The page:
Disconnecting/reconnecting the battery?

I’ve read about the battery disconnect feature here but there seems to be some confusion about it. Here is another topic with confusion as well.

I want to use my Framework most times on a desktop with a lot of devices attached.
For this, I would like to unplug the battery so it can last longer.
When I need to take my laptop somewhere (whether inside the house or for a day trip/holiday) I’d like to reconnect the battery again.

Now my question is:

  • Does the BIOS disconnect the battery work as long as AC is plugged in, as in the latest post?

Also, I wonder if it would make sense to create a “battery switch” that is somewhat hard to accidentally press (or only possible if shutdown) in future generations to easily let someone switch from desktop to mobile setup?

Thanks all and have a great evening!

Battery disconnect is intended for disconnection to allow safe servicing of the laptop. Your best bet for extending battery service life is according to some to limit the charge maximum which is available in the BIOS. Personally I would not bother. I have a Thinkpad T480s with the original battery with no charge limits used on it in the last three years, that spent a lot of time plugged in and it still charges to 89% of the designed maximum.

As to a battery switch to turn it off internally between mobile and desktop…lots of issues spring to mind with that issue. Your battery is going to lose power over time anyway even if it is unplugged you switch it back to mobile … oh crap I am at 80% charge but I have to leave NOW … yeah screwed. I have it on desktop, power fluxuation, or split second outage, my laptop crashes, the cheap nvme drive I went with does not have power loss features and now my data is corrupted and the damn thing wont boot… FRAMEWORK WHY WOULD YOU SELL ME A LAPTOP THAT THIS COULD HAPPEN ON!!! … extra screwed, yeah I think everyone will want to pass on this idea.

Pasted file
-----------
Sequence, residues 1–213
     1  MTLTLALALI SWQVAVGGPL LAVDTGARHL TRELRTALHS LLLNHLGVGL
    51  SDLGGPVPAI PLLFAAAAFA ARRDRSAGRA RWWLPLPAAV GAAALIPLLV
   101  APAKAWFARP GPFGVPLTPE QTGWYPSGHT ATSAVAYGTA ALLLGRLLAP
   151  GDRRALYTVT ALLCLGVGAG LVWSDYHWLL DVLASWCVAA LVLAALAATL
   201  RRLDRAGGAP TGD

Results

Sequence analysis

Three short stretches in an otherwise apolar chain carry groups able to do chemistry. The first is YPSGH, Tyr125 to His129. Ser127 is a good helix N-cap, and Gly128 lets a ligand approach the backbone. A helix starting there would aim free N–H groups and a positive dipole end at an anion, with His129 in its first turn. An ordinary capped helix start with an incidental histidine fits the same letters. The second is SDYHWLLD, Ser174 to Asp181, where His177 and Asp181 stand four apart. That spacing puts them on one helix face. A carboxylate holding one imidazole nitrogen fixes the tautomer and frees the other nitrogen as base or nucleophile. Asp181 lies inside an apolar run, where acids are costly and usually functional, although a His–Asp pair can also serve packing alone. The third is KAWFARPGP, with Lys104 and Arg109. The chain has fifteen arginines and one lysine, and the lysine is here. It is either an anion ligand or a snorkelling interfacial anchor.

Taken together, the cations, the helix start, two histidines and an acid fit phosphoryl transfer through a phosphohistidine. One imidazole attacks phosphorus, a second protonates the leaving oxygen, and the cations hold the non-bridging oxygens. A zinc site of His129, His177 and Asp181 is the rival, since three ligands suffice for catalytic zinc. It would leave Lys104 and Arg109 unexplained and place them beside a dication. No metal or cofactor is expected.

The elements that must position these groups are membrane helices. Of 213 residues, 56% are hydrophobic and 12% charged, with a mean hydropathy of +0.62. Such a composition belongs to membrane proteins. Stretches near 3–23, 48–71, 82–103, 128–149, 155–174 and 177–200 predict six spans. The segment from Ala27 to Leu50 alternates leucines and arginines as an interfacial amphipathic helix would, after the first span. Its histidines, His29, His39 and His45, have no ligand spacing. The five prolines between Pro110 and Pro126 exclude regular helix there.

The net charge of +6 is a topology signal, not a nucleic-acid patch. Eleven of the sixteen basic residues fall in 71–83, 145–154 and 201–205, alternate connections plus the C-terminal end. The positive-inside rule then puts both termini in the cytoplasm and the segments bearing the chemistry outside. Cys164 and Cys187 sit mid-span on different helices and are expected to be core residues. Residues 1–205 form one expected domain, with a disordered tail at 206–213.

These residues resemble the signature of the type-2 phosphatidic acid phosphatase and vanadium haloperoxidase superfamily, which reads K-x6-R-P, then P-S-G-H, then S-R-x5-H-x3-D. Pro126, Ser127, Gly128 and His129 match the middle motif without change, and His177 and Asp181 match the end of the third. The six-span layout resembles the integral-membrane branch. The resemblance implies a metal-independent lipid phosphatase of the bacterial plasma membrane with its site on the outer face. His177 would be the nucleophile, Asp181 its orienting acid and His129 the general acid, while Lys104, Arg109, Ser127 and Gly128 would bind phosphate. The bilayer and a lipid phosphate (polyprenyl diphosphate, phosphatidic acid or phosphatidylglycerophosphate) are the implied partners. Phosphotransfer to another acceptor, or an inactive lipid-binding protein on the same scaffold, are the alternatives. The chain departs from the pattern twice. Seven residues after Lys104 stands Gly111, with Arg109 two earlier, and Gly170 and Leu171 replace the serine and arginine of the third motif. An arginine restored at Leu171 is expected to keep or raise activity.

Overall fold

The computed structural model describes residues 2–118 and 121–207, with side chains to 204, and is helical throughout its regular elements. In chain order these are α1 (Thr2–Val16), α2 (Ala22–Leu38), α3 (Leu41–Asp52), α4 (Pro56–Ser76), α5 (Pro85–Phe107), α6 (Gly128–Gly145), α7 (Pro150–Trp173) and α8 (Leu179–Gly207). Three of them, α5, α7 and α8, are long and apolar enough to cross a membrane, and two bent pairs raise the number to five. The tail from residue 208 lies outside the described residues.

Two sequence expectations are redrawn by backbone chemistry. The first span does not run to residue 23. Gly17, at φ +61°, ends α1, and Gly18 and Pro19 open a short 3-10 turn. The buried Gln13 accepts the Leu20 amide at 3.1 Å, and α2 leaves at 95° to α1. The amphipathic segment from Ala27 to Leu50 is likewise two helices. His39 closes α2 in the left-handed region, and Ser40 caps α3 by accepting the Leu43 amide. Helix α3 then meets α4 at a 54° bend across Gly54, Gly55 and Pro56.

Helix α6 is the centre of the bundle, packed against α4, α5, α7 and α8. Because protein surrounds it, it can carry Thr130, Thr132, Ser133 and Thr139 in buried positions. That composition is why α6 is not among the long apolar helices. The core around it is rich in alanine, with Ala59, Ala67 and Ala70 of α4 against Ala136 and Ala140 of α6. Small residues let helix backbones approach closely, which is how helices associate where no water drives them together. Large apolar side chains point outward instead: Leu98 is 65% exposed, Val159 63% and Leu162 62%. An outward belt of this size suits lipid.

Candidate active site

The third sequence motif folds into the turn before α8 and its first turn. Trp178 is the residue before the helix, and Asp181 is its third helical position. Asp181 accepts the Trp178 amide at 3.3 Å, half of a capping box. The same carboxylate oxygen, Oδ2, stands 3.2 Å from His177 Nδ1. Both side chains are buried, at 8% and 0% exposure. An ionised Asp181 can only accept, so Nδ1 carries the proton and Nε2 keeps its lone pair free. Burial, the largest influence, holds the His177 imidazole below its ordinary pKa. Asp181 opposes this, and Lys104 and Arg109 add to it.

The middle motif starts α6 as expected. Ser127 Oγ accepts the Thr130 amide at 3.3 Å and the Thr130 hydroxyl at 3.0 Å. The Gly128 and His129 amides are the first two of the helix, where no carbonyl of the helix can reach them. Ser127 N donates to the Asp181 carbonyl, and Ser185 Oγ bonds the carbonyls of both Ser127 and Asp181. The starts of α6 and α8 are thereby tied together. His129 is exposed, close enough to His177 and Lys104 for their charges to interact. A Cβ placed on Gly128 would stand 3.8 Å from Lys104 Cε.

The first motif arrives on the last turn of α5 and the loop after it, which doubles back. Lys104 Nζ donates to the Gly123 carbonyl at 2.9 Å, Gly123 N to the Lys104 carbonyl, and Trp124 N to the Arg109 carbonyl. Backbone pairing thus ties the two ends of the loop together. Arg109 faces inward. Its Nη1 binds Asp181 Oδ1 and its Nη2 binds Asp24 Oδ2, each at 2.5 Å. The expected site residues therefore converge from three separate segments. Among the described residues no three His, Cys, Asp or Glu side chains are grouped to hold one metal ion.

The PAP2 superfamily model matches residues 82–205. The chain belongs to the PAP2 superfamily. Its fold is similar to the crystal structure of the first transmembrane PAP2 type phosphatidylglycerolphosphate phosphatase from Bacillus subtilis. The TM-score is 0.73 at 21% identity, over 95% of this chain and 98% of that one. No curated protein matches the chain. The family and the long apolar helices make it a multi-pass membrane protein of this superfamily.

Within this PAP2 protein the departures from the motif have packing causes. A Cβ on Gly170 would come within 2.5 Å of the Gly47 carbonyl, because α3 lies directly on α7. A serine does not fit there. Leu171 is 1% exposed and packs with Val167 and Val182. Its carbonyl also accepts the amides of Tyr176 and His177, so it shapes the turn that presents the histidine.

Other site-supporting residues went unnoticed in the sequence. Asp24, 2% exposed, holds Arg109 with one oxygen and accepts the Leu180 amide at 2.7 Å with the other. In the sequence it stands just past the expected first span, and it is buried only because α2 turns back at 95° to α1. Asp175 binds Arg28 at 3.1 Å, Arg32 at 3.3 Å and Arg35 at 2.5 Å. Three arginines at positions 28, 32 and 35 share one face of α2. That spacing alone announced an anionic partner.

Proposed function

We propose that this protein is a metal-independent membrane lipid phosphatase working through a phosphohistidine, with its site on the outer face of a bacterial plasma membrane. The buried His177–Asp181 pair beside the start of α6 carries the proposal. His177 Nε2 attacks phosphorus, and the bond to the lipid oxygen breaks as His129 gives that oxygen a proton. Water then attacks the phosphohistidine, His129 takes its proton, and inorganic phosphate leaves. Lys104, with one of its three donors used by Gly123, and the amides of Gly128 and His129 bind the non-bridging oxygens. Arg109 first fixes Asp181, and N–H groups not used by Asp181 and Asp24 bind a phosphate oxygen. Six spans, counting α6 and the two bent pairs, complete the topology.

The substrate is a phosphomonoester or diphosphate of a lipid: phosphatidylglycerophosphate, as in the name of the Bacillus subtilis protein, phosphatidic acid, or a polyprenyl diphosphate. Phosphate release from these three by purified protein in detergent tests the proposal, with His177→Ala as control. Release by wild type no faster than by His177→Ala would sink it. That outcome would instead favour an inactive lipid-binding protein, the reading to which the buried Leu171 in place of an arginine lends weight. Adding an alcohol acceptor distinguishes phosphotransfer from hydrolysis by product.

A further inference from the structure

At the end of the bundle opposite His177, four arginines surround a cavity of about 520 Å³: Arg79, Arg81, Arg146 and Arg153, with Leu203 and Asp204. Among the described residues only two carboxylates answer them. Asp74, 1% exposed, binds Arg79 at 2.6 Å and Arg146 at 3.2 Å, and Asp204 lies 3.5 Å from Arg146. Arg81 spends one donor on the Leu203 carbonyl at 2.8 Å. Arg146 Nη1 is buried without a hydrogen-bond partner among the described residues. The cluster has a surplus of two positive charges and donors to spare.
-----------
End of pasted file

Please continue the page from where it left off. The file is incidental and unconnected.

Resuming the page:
Anyway I think this is a problem that is not a real problem with modern hardware and that the implementation of an option would simply create real issues that result in data loss. The ROI in this situation is negative. I would rather have the battery service life end a coupe of months sooner and replace it when needed than create an option where data loss is very real for the average user who does not have a real backup plan.

A very thoughtful and good reply. Thank you, @nadb.

I think you raise a few good points here, even though it’s kind of what I didn’t want to hear.

Will probably stick to the “specify charge limit” suggestion from other people but will no bother to disconnect the battery for now.

Thanks again!

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I don’t think you understood what disconnect battery does. Disconnecting the battery in the BIOS disconnects the battery for servicing. Once you do so you cannot power back on until it is plugged into a charger. Once it is plugged into the charger the battery is reconnected. If this was not the case I could accidentaily power on the laptop while servicing it. There is no way currently to mimic the behavior you want. The option of physically disconnecting the battery then adds in the issues of unnecessary wear and tear on the parts as you disassemble and reassemble the laptop, and to top it off the battery connector is not the sturdiest piece of gear there is as regards multiple disonnects and reconnects, i.e. it is intended to only be removed as part of other servicing or when it needs to be replaced.

So essentially charge limiting is the only viable option at this time, and really the only accessible option at this time, it is of questionable and long debated utility. Unlike with other laptops this battery is it, and you should hopefully be able to find a new replacement as long as Framework the company continues to do business. Also we should hopefully be able to reap the benefits of improved battery tech in the same form factor.